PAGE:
At any position in the area near the outlet of the capillary, it may be liquid phase, gas phase, or an interface between two phases at different moments. Although the fluid will have inhomogeneities, discontinuities, and uncertainties at any position in the space or in a certain time domain, in principle, the basic equations of fluid mechanics can still be used to establish and analyze the calculation relationship of two-phase flow. Using the split-phase flow model (Figure 1), it is assumed that the gas phase and the liquid phase flow completely separately and have different flow rates. Assuming that the flow is a one-dimensional flow, the pressure distribution of the flow section is uniform, and the change of flow velocity and fluid parameters with the radial direction of the pipeline is ignored, the controlled volume studied is shown in Figure 2, and the angle between the flow and the horizontal direction is θ. The governing equations of the separated-flow model for unidirectional flow are given in (1)–(4), which are the continuity equation, momentum equation, and energy equation, respectively.

Continuity equation is as follows:wherewhere is the dryness, and are the specific volume of the gas and liquid phases, respectively, is the mass flux, and is the cross-sectional area of the pipeline.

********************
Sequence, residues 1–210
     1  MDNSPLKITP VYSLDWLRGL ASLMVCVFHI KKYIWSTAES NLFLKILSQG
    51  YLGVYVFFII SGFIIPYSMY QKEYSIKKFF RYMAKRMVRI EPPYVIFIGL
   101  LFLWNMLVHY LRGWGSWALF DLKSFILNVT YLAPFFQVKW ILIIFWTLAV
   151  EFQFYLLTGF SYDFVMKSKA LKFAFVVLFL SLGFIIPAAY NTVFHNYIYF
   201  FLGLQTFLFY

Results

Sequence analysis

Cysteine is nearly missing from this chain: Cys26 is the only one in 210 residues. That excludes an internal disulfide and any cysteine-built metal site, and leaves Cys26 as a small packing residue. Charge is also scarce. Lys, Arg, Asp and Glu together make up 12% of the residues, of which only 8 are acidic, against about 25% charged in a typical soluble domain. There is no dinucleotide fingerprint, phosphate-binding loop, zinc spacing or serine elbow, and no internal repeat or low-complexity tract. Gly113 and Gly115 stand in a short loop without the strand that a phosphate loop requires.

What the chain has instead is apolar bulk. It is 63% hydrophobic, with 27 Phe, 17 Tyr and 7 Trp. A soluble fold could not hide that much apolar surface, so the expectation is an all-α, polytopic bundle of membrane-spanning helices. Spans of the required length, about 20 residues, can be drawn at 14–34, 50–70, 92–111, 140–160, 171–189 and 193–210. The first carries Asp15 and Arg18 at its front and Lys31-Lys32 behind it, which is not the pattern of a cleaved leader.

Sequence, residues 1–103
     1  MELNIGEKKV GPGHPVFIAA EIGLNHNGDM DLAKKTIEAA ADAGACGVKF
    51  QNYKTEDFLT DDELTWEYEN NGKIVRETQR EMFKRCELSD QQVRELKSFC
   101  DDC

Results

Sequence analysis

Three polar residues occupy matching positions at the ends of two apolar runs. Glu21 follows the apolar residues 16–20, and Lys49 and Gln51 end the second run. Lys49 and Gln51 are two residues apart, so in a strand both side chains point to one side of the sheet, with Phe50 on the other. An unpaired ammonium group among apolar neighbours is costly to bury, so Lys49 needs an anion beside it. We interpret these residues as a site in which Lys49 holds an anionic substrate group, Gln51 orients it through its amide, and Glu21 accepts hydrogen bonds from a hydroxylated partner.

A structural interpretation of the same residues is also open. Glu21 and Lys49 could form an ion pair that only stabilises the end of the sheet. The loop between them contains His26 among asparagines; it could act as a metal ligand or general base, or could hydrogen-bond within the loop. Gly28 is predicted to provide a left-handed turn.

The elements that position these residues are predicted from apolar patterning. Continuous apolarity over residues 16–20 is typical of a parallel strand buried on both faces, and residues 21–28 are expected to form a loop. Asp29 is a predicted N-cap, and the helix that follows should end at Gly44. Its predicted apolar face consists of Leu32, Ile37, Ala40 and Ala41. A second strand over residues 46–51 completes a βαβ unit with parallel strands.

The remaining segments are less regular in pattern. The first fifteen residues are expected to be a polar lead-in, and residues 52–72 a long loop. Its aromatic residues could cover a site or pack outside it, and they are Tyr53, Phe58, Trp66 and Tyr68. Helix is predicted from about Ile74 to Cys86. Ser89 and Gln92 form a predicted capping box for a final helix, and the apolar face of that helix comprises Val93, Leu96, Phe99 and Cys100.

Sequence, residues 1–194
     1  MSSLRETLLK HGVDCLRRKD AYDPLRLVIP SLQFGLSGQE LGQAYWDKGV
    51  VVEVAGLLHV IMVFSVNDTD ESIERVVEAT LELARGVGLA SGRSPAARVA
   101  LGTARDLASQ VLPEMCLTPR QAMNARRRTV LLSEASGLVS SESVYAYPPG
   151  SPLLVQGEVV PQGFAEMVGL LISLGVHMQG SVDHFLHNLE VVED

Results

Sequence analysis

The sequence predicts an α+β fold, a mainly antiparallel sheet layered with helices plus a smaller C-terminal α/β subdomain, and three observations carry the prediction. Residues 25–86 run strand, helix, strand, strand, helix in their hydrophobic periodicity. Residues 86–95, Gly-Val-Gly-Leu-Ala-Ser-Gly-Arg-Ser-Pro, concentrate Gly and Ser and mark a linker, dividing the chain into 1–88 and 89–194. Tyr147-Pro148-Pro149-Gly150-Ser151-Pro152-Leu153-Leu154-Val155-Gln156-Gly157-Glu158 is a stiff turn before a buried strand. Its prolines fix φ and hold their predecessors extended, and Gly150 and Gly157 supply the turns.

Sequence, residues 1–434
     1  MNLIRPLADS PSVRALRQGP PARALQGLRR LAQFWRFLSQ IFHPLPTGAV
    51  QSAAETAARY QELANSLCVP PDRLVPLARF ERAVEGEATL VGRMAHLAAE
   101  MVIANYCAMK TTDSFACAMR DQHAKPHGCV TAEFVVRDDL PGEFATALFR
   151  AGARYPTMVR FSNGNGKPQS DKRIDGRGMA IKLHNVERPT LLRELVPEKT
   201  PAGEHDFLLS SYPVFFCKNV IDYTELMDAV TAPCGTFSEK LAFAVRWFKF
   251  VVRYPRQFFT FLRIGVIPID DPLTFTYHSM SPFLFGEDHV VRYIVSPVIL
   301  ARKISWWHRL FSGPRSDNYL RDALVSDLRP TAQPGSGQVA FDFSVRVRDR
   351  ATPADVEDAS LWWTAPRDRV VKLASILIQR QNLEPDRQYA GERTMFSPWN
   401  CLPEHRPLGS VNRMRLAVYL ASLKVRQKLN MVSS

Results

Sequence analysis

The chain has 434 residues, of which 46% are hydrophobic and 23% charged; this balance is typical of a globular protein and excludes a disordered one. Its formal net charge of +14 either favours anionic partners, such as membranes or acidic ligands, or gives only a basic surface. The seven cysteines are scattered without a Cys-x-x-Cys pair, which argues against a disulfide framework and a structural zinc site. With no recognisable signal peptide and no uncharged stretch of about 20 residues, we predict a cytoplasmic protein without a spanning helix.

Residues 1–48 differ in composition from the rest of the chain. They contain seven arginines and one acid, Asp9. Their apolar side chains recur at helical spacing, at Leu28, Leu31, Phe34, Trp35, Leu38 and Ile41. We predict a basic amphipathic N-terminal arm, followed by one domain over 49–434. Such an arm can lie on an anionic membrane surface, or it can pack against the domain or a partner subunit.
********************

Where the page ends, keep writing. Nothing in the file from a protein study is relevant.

Momentum equation is as follows:where is the pressure, is the shear stress, is the wet perimeter of the control body, is the cavitation fraction, and are the density of the gas and liquid phases, and is the axial coordinates, respectively.

Energy equation is as follows:where is the internal energy and is the density after gas-liquid is mixed.

When the flow pattern in a pipe is intermittent (slug, churn (forth), and plug flows), at a specific location in the pipeline, and irregularly changing with time, the time gradient of pressure drop is a function of dryness and cavitation fraction as shown in (5) [10]:

This indicates that the pressure of the intermittent flow will fluctuate irregularly, and the pressure fluctuation will act on the pipe wall and then produce obvious vibration and noise. When the flow pattern is annular or bubbly flow, the dryness and cavitation fraction hardly change with time, so the time gradient of pressure drop is very small, and thus the resulting noise sound pressure level is small and basically constant, which is significantly lower than the vibration and noise level of slug flow [5].